Wes had a soft spot for that Landing Lights album.

Ponty Bone

Insert photo of Ponty Bone “It was recorded with some of my closest friends – great musicians who were totally supportive with nothing to prove – like Kimmie, Joe and Ponty Bone,” he says. “I sometimes think the failing of British musicians to American musicians is not one of ability but of attitude. And I guess there isn’t enough British talent to allow us to be so supportive of one another.”

Wes had a particularly fond memory of my own favourite cut on the Neon and Dust album. The title track was a song that on first hearing had me develop a ‘schoolboy crush’ on Kimmie Rhodes. I still shiver every time I hear her sultry vocal on that track.

The Flatlanders
Joe Ely (left) Jimmie Dale Gilmore % butch Hancock (right)

On a night in Austin when there was to be a total eclipse of the moon, apparently, the magical and mysterious little riff that so elevates the songs was still just a murmur in McGhee’s mind Together with Kimmie and Joe and with Butch Hancock and Jimmie Dale Gilmore (of the wonderful, wonderful Flatlanders) he stood outside the studio to watch the phenomenon and see the earth black out the sun (or whatever it is that actually happens on these occasions; I should have paid more attention to The Sky At Night).

As soon as it became light again, the riff had taken shape and Wes and the band returned inside to record the Neon And Dust track. An obvious example of lunatics at work !

Now, more than a quarter of a century later we have this lovingly compiled retrospective collection. That quirky dialogue between Bullfrog And The Crow can’t be heard here, though, and I think I am right in saying it can only be heard when a diamond stylus scratches its way through the peaks and troughs of a vinyl record, but the omission of even such a great song does not detract from the value of a three album set that, by simply allowing us to hear that conductor call Train Time, is worth the price of the ticket.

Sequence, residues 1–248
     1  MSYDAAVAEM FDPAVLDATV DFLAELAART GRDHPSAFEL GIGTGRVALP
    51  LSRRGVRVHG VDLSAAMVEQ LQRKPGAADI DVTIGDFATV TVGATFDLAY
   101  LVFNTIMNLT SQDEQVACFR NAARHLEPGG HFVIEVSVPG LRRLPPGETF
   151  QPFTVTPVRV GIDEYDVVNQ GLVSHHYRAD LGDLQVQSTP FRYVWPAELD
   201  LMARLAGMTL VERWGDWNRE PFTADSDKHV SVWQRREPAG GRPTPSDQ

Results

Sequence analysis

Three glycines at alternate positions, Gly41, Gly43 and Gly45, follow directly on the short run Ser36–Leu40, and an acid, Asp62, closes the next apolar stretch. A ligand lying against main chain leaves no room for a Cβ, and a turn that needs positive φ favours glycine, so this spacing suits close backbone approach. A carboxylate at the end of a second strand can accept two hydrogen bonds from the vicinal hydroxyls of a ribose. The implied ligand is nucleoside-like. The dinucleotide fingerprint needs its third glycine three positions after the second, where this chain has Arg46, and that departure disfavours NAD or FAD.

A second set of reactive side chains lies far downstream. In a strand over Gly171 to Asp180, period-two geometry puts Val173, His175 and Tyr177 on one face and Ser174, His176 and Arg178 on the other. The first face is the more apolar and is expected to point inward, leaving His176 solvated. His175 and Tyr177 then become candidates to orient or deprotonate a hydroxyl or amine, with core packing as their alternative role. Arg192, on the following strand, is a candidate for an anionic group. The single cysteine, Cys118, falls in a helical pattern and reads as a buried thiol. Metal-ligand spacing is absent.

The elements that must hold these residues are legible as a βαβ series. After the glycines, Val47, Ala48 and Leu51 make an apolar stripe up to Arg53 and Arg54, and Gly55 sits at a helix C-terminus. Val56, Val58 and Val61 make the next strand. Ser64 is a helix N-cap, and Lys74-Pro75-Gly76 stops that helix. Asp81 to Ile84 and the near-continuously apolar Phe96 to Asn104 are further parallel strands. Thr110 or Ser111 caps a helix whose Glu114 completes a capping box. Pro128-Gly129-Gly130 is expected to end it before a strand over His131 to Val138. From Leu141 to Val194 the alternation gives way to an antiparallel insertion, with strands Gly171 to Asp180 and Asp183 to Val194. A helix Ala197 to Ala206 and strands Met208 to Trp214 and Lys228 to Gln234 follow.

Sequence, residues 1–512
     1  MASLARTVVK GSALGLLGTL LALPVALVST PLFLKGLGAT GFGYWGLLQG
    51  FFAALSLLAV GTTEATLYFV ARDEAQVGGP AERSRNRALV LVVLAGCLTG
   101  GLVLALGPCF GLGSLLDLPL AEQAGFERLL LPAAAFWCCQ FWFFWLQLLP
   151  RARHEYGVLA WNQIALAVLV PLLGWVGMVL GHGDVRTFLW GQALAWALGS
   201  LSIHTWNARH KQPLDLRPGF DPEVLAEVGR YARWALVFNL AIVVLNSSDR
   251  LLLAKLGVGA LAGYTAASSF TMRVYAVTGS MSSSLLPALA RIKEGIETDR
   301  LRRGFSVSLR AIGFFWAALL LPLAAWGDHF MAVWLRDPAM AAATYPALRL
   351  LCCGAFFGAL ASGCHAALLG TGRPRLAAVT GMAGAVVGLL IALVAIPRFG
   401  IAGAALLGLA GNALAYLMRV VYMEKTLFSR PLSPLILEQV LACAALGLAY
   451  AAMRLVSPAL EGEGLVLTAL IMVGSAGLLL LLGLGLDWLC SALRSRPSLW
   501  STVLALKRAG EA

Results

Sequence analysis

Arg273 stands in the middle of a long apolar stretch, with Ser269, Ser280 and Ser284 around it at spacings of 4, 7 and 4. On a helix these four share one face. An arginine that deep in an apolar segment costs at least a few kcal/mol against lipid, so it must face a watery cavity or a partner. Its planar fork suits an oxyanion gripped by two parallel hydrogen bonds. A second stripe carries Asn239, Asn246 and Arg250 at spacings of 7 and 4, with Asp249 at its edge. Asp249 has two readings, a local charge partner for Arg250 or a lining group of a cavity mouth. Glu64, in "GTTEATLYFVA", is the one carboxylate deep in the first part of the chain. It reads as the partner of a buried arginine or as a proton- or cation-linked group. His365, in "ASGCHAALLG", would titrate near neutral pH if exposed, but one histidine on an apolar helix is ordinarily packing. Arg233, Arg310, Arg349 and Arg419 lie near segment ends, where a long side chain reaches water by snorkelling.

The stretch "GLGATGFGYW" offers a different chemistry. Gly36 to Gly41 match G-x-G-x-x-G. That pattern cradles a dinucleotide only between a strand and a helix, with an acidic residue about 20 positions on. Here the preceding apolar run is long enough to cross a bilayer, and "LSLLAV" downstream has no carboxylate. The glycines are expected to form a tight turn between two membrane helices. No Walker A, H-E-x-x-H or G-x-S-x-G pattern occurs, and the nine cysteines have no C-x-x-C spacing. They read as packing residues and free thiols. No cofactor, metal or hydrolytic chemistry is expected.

Meanwhile, even as this piece is being written we hear from Mr, McGhee´s work environment at TWANG TOWERS that he and the gentlemen of his orchestra have begun recordings for a NEW as yet untitled 2CD set. of thirty, yes thirty brand new songs.

Last summer, Wes had a fall. Something to do with bad, bad whisky …maybe…anyway he fell on his head and left most of the contents (brain included) over the front steps of Twang Towers. After the hospital had bandaged up his head to make Wes look as ridiculous as possible (he has wisely excluded photographic evidence from his web site) and sent him home he started to write songs and more songs and then a few more until he had more than enough for a 2CD set. Now, any normal person would probably do one album and then put their feet up for a while but he decided to do the lot!
CD1 will have a mellowish feel with a lot of Spanish guitar, tres Cubana, etc, while CD2 is out and out country rock and roll and blooze.

It should be release it later in 2020.

As I wait for that I´ll reminisce whilst posting this and think of Used To Say Train Time as one of the three great railroad songs, along with Texas 1942 by Guy Clark and The Train They Call The City Of New Orleans as performed by Steve Goodman. I will recall incredible concerts when seeing Wes playing somewhere in the North East (Buddies, maybe?) and, of course, that incredible Brighton gig. I remember interviewing him and and Kimmie Rhodes in York, and echoing loudly through the haze of all those memories are great songs like Neon And Dust and Bullfrog And The Crow.

Check out his official web site at https://www.wesmcghee.com/